The inaugural Mid-Atlantic ChaserCon occurred Saturday October 27th at the Science Museum of Virginia in Richmond, the capitol city of the Old Dominion.  The overall intent of conducting such an event was to foster a community spirit among those interested in severe weather in a part of the nation that doesn’t always get recognized for experiencing such conditions. The hope is that building these relationships will benefit the public by enhancing communications between the field (storm chasers and spotters) and operational forecasters (National Weather Service and broadcast meteorologists) during times of severe weather.  Both sides of the community were present in the meeting room Saturday.

To that end our speakers included an opening keynote address by Zach Daniel, chief meteorologist of a local Richmond television station who has established a storm chase team to support his coverage of severe weather, the first such team on the East Coast.  Zach also brought his station’s new storm chase vehicle for display outside the front doors of the Science Museum.  This address was followed by a fascinating presentation on recent local severe events from Mike Montefusco, a NWS Wakefield (VA) forecaster. The morning’s agenda ended with an awesome talk by David Hoadley, the dean of U.S. storm chasing, who has been pursuing storms since the 1950s. He captivated the audience with photos, videos, and physical props from his vast experience.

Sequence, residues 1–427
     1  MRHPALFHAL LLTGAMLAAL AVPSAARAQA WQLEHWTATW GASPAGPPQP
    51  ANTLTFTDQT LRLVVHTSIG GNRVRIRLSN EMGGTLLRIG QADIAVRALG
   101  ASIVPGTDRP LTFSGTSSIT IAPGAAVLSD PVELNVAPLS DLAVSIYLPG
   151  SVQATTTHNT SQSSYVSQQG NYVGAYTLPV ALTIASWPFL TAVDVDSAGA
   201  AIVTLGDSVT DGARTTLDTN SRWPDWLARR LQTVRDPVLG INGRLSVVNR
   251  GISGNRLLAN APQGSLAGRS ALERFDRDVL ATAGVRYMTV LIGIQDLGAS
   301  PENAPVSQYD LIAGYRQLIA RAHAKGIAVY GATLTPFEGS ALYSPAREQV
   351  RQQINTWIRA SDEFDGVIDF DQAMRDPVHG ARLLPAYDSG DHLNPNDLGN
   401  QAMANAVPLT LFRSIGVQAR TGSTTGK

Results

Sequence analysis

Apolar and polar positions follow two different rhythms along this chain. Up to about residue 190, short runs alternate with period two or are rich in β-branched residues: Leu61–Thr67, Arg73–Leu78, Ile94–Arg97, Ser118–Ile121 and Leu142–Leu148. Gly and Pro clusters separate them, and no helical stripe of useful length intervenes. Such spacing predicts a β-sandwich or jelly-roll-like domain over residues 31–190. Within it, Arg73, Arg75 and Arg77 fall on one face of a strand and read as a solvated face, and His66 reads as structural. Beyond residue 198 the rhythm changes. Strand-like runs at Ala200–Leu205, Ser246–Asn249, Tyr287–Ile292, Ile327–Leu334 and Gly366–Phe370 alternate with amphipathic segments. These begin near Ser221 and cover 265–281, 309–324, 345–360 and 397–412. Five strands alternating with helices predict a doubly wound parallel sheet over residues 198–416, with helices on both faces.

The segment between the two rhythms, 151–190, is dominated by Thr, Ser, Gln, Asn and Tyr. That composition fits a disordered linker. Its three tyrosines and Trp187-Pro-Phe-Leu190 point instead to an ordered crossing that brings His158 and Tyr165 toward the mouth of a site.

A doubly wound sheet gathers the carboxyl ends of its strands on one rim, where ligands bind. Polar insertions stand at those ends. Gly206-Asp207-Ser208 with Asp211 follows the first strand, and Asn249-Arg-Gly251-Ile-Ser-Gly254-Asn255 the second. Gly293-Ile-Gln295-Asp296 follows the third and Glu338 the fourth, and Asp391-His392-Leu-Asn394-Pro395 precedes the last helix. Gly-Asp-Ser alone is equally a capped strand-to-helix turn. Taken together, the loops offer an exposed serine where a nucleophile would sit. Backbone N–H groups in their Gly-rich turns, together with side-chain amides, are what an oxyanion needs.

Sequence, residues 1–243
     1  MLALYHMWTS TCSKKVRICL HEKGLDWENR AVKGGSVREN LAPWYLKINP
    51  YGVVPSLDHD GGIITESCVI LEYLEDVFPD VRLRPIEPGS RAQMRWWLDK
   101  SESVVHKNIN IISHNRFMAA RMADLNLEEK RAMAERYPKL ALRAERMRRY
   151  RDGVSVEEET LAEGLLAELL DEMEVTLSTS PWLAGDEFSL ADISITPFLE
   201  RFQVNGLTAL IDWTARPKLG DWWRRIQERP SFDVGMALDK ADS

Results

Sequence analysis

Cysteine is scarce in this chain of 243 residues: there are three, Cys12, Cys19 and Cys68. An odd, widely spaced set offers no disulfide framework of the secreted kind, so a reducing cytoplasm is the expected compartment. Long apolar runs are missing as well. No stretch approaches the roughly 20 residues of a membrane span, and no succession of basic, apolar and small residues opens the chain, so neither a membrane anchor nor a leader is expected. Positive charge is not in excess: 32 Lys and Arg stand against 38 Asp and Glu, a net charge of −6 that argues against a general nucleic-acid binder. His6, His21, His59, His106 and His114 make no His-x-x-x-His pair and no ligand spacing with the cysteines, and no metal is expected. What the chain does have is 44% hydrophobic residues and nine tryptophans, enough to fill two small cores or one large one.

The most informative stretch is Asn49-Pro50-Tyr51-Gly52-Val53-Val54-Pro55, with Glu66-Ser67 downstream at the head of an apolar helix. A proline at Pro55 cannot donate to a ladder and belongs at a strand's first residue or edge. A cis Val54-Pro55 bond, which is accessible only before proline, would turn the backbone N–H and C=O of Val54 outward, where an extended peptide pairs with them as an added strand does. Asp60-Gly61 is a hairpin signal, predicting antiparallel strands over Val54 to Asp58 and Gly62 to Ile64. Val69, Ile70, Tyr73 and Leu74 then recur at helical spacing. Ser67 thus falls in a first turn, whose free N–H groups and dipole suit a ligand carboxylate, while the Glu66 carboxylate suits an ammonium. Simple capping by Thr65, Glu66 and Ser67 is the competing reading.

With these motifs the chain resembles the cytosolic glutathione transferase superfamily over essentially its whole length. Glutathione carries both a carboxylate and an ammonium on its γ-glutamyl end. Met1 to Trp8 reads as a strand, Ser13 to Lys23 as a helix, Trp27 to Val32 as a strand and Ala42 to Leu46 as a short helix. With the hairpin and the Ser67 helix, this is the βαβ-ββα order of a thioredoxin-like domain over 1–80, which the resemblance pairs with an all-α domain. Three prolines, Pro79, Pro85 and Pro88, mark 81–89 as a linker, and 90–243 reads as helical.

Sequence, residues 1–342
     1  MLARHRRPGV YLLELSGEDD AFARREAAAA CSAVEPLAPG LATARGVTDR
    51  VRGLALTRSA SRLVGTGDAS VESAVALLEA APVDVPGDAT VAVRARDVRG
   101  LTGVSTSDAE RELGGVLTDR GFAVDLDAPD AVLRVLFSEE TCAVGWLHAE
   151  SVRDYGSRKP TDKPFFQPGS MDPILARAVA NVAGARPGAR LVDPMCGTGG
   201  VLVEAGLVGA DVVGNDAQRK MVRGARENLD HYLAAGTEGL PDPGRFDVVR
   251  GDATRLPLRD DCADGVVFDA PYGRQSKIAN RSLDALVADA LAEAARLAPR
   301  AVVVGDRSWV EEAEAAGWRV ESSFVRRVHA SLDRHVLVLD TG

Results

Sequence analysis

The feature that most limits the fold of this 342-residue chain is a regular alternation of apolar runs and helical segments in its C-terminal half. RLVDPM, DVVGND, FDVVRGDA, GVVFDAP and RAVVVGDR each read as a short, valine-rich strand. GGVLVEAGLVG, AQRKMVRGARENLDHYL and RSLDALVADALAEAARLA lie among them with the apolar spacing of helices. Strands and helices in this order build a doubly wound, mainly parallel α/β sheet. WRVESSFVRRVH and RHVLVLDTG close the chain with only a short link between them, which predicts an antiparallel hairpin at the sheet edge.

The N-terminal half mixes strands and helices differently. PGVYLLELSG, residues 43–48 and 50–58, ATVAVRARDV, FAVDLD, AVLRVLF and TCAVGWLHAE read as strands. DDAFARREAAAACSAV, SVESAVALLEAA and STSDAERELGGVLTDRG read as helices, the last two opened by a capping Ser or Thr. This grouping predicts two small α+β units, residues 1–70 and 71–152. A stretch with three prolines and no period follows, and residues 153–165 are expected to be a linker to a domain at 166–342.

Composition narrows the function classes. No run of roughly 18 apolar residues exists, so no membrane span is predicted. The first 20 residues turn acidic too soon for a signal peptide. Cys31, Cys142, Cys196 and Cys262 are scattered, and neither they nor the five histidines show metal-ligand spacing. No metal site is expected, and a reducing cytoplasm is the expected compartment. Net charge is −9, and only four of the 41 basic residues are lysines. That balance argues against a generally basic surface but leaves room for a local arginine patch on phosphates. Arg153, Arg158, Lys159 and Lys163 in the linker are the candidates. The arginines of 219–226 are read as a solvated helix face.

Mike Montefusco
David Hoadley

The afternoon schedule began with a panel discussion about the challenges and specifics of storm chasing in the Virginia / North Carolina region by three of the ChaserCon planning staff members. That panel was then followed by an energetic presentation from Kathryn Prociv, formerly of the Weather Channel, who very recently moved to the Today Show at NBC as a weather producer. Her passion for severe weather and storm chasing clearly inspired many in the audience.

That momentum was maintained by a dual talk from members of the Capital Weather Gang (Kevin Ambrose and Ian Livingston) who provided an interesting perspective of storms and storm photography in and around our nation’s capitol, including the unusual revelation of chasing in an urban area via the subway system!  The afternoon was wrapped up by Brent Watts – chief meteorologist of a Roanoke VA television station – who talked about severe weather in the mountains (yes, it does happen there!) and also provided a rousing sendoff encouraging the attendees to continue their service to the public regarding the severe weather warning process.

The success of Mid-Atlantic ChaserCon both in attendance and overall interest has already spurred the planning team to look ahead to a 2019 event. The who, what, where, and when are yet to be determined although the why (building community) will remain the same. After we plow through the evaluation sheets the attendees filled out and then compare our personal notes the process of seriously contemplating what next year’s version will look like can begin. Updates will be posted on the event’s Facebook page as well as on other social media platforms. Stay tuned!

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